This time out, McGee comes close to losing his status as a living legend when he agrees to track down the killers who brutally murdered an ailing millionaire. For starters, he renews an unfinished adventure with a famous - and oversexed - Hollywood actress, who leads him into a very nasty nest of murderers involving a motorcycle gang, pornographic movies, and mad balloonists. And McGee relearns the old lesson - that only when he comes close to the edge of death does he feel he completely alive.
©1981 John D. MacDonald (P)2012 Audible, Inc.
I write for myself, for my own pleasure. And I want to be left alone to do it. - Salinger ^(;,;)^
I'm a huge fan of John D. MacDonald. I think he is funny and sharp. He has a certain pulp formula and sticks with it and usually the cake rises, browns, and turns out just fine. But this book was just kinda -- meh. Which is surprising because you would think a book with motorcycle gangs, pornography rings, and people falling out of hot air balloons would be kinda exciting. It just wasn't. It was like he read 'Around the Wold in 80 Days', watched a couple James Bond flicks, and followed that up with an Easy Rider marathon and felt he could combine the three things. He managed to combine these elements, but his novel just didn't have enough tickle and torque.
To me it felt like MacDonald wasn't sailing this novel. He had it tied down and was just letting nature take its course. There was no emotional texture and the narrative was just kinda straight. I knew where he was going and by the end I just didn't really care. AND, I did't even mention one of my MacDonald peeves. Sex. Hey, I think sex is nifty and neato and all the rest. Sure sure. But MacDonald writing about it is like talking dirty with an unmarried uncle. No thanks. I'll pass.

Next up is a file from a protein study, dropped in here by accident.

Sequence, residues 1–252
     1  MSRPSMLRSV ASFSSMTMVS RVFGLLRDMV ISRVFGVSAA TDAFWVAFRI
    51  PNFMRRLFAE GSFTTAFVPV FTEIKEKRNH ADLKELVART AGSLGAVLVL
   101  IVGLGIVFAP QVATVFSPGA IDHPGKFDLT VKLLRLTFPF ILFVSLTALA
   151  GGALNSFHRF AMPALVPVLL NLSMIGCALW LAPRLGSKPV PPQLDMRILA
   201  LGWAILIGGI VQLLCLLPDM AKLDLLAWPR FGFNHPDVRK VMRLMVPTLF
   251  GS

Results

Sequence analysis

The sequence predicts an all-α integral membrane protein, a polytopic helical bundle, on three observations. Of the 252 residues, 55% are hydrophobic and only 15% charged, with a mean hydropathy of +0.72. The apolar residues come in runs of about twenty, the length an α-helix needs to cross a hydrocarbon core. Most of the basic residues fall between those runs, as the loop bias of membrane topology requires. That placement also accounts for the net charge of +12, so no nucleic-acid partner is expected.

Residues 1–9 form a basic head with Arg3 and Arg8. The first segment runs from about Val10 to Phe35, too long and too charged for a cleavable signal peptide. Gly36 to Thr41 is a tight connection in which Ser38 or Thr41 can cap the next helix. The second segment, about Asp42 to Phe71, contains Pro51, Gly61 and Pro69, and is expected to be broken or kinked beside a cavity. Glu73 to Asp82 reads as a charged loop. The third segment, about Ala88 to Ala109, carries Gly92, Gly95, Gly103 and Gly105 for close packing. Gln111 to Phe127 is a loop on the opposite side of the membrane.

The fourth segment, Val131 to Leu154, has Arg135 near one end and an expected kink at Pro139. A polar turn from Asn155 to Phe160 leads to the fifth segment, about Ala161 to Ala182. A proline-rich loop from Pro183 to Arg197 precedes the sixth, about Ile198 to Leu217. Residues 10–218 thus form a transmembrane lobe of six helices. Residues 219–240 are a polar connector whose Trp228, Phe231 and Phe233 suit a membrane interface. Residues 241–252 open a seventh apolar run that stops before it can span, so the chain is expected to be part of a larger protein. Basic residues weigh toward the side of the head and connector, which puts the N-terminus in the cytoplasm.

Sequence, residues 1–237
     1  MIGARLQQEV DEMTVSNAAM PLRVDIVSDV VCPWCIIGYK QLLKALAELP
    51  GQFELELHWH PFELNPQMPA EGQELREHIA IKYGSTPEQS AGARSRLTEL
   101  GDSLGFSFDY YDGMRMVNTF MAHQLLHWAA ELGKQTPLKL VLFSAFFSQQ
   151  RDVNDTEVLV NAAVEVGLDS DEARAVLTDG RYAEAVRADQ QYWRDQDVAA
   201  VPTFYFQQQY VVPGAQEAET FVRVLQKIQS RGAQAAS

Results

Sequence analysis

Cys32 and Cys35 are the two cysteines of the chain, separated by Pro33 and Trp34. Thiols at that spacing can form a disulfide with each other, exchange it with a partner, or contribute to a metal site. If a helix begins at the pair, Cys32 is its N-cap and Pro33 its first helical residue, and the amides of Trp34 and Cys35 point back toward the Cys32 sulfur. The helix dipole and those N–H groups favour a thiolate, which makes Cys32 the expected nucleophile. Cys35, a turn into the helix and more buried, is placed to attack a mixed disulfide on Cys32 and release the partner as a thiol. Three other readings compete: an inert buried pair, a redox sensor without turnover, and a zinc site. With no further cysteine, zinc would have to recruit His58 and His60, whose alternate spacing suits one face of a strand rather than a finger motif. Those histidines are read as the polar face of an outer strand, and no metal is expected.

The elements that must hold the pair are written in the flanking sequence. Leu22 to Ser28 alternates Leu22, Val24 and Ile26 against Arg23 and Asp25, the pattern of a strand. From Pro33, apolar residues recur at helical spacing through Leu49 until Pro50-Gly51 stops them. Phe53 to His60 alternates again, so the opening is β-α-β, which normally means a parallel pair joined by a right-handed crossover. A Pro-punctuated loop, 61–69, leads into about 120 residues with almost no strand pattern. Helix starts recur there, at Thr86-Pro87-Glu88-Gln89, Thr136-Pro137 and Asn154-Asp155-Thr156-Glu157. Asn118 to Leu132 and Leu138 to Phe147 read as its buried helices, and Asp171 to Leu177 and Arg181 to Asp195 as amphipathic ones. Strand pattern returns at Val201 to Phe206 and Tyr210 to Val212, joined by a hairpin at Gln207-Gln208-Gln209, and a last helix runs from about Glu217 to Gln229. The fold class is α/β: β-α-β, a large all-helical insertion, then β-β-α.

Welcome to our group Dakota; welcome to my life Summer, you've made it so much better. Give back to our wounded warriors who gave so much.
I began reading MacDonald as a young man in the eighties. In those days the gender role and sexual attitudes expressed by the author weren't unusual. The majority of the authors I'd read possessed those same attitudes. Now those attitudes that just seemed quaint and outdated now read as judgmental, hypocritical and misogynistic when expressed by McGee. Indeed at times they're jarring now. Likewise the attitudes,slang, musical tastes and speech patterns are similarly outdated. As so often occurs in the McGee series there is someone identified as a close friend who suddenly appears for the first time. Finally the semi adulation accredited to Meyer by McGee's over the top quoting of him as the source of all wisdom grows tedious.
That being said; the author is an excellent writer of mystery fiction. the story flows and the transitions are seamless; there's plenty of action and unlike current mystery writers there is no catch phrase being repeated constantly like the hook in a song. The complexity of Travis McGee is presented by the author in long thoughtful unspoken monologues give us an inner view of a questioning mind. If I were a young reader; unfamiliar with the attitudes expressed by the author these works might be a complete miss. But just like a man in his fifties looks back at his twenties I can't quit McGee.
Travis McGee is the quintessential detective. Great mysteries, great characters and the always intriguing love interest. MacDonald at his best.
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